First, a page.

Not a lot of sellers are willing to take payments on a house, but you only need one, right?
I've sold a home for a down payment of $1,000 because I could get a better price and collect 9% interest. My wife and I sold one of our homes for $5,000 down and $400 per month. These deals are out there if you look for them.
There are various types of seller financing (mortgage, lease option, contract for deed, etc.), and you may pay a higher price and higher interest.
But if you can buy a home for about the same monthly cost as renting, you'll probably still be better off after a few years.
5. Borrow From Family
Perhaps your family knows better than a bank if you're a good credit risk -- and they may be more forgiving of an occasional late payment.
They also won't charge you loan fees and can be more flexible about terms.
And the advantages of borrowing from family for a home go both ways. Parents or siblings might appreciate making a decent return on their money compared to what's available from savings accounts.
6. Improve Your Bad Credit
You may just need to improve your credit report a little bit to qualify for a mortgage loan.
Start by looking at how to raise your credit score. Find the strategies most likely to work for you and implement them.
Clear up any disputes on your report through negotiation or just by paying off debts, whether you think you owe them or not.
Pay down credit card balances and other consumer loans if your total debt-to-income ratio is a problem.
Stick with your current job if you’ll be applying for a loan anytime soon.
If your job history is a problem, read up on Federal Housing Administration rules for employment. Lenders who issue FHA loans look at a number of factors to determine your "probability of continued employment," and you don’t always need the traditional two years of employment to qualify.
7. Find Banks That Hold Their Own Loans
Most banks either sell home loans or want the option to do so, which means meeting the requirements of the secondary mortgage market.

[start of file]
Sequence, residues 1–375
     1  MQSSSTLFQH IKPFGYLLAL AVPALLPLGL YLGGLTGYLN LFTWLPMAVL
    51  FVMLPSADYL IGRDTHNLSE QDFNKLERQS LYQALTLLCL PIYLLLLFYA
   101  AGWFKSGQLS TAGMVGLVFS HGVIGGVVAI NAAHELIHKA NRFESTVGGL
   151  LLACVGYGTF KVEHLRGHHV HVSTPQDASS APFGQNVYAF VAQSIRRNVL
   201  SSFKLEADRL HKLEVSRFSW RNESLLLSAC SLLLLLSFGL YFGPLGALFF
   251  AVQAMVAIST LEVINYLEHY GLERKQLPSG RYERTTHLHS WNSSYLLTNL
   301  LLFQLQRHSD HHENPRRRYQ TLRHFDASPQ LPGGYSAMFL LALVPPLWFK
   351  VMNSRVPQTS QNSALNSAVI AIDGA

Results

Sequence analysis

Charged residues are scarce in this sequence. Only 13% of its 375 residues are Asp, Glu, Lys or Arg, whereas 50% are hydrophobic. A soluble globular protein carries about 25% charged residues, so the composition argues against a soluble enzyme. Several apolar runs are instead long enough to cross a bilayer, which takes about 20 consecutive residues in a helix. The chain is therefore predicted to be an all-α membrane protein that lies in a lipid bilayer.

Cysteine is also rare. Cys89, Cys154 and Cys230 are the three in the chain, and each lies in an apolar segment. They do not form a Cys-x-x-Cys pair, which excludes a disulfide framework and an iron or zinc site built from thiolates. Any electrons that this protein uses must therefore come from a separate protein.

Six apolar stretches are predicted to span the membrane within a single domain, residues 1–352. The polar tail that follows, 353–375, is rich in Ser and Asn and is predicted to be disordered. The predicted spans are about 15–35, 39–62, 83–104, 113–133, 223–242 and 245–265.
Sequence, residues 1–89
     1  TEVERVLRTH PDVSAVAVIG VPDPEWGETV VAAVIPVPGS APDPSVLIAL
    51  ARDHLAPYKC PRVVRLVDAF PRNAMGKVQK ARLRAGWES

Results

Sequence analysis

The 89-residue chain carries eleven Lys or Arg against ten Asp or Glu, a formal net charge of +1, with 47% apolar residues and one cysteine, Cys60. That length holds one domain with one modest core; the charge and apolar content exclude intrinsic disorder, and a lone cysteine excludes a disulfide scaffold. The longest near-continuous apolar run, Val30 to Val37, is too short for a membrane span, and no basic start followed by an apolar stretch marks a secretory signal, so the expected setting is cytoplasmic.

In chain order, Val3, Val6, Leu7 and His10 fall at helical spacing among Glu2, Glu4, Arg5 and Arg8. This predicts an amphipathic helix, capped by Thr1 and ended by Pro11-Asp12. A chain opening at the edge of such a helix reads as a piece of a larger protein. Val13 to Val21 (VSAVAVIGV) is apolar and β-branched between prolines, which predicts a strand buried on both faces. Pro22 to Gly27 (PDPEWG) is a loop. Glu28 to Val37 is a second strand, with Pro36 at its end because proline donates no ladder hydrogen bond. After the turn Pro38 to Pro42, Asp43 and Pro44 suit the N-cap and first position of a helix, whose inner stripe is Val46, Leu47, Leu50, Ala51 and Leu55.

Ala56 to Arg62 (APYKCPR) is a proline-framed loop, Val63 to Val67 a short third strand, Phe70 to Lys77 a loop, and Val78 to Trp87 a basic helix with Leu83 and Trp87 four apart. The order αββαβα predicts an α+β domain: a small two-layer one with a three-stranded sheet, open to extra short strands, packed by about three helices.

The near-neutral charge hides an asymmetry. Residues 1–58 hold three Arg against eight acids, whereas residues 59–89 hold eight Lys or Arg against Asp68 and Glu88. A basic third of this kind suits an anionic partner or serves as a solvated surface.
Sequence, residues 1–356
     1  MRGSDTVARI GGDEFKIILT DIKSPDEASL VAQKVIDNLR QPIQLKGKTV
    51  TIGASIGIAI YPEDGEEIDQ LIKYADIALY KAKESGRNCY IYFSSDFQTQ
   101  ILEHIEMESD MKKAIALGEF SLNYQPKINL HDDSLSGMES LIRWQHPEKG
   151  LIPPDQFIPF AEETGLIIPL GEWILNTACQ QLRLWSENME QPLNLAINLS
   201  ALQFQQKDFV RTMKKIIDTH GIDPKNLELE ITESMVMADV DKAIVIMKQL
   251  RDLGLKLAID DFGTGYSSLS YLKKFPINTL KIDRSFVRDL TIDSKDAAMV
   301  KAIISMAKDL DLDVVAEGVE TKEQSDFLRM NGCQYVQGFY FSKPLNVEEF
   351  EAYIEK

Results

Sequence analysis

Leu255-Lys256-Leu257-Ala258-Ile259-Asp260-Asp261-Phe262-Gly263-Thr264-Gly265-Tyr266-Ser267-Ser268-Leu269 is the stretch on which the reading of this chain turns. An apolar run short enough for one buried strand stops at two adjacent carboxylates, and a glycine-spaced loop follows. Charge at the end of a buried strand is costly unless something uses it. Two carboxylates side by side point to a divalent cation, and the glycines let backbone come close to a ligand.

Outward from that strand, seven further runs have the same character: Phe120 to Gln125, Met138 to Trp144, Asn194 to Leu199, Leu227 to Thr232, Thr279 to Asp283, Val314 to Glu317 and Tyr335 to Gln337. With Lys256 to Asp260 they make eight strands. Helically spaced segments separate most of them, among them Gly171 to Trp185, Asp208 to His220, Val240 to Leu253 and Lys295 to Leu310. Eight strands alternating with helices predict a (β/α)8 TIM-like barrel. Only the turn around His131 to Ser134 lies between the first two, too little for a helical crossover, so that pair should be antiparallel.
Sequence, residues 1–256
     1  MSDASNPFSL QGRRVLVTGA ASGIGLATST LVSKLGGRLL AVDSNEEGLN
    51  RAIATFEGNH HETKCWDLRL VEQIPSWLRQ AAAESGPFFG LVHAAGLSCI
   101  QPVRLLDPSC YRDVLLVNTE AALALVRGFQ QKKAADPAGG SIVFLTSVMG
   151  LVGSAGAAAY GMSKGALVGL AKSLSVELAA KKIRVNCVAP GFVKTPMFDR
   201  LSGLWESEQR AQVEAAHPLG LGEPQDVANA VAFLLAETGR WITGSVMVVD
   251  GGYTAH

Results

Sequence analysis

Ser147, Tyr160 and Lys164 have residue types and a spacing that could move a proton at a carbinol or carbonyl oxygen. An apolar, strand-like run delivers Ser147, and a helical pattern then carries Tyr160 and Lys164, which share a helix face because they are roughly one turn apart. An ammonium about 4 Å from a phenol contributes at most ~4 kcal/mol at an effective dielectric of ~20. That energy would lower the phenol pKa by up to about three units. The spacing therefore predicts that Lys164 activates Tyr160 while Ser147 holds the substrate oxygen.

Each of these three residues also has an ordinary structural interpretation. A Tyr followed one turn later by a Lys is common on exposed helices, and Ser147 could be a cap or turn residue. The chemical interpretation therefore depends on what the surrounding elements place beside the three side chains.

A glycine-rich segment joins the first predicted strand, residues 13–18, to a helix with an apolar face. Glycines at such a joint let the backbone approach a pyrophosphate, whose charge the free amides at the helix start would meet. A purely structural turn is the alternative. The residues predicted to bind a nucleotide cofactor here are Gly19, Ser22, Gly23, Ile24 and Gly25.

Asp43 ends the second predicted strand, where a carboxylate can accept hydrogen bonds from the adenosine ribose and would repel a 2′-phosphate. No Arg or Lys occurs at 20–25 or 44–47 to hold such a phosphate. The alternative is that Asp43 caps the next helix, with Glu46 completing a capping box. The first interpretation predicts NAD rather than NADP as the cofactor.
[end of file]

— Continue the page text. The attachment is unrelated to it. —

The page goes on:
But some small banks and credit unions keep loans in their portfolios because the loans have more flexible qualification rules.
For example, my first mortgage loan was from a small local bank, and I was unemployed at the time. I simply assured the banker I would be called back to work soon.
It helped that I had a down payment of 25% of the price. I also convinced the bank to skip the appraisal and use the tax assessor's stated value, which saved me $400.
Ask around to see which banks keep loans and are willing to look at the whole picture, rather than a bad mark or two on a credit report.
8. Get a Co-Signer
Having someone with good credit co-sign on your mortgage loan will not cancel out your bad credit, according to TheMortgageReports.com.
Lenders will still consider your low credit score or other credit problems.
The primary advantage is the co-signer's income will be considered in determining how much you can borrow.
This might be exactly what you need if your problem is a business for which you don't yet have two years of tax returns, or if you have other income you can't use to qualify.
Your Turn: Do you have credit problems? Have you bought a house yet?
Steve Gillman is the author of "101 Weird Ways to Make Money" and creator of EveryWayToMakeMoney.com. He's been a repo-man, walking stick carver, search engine evaluator, house flipper, tram driver, process server, mock juror, and roulette croupier, but of more than 100 ways he has made money, writing is his favorite (so far).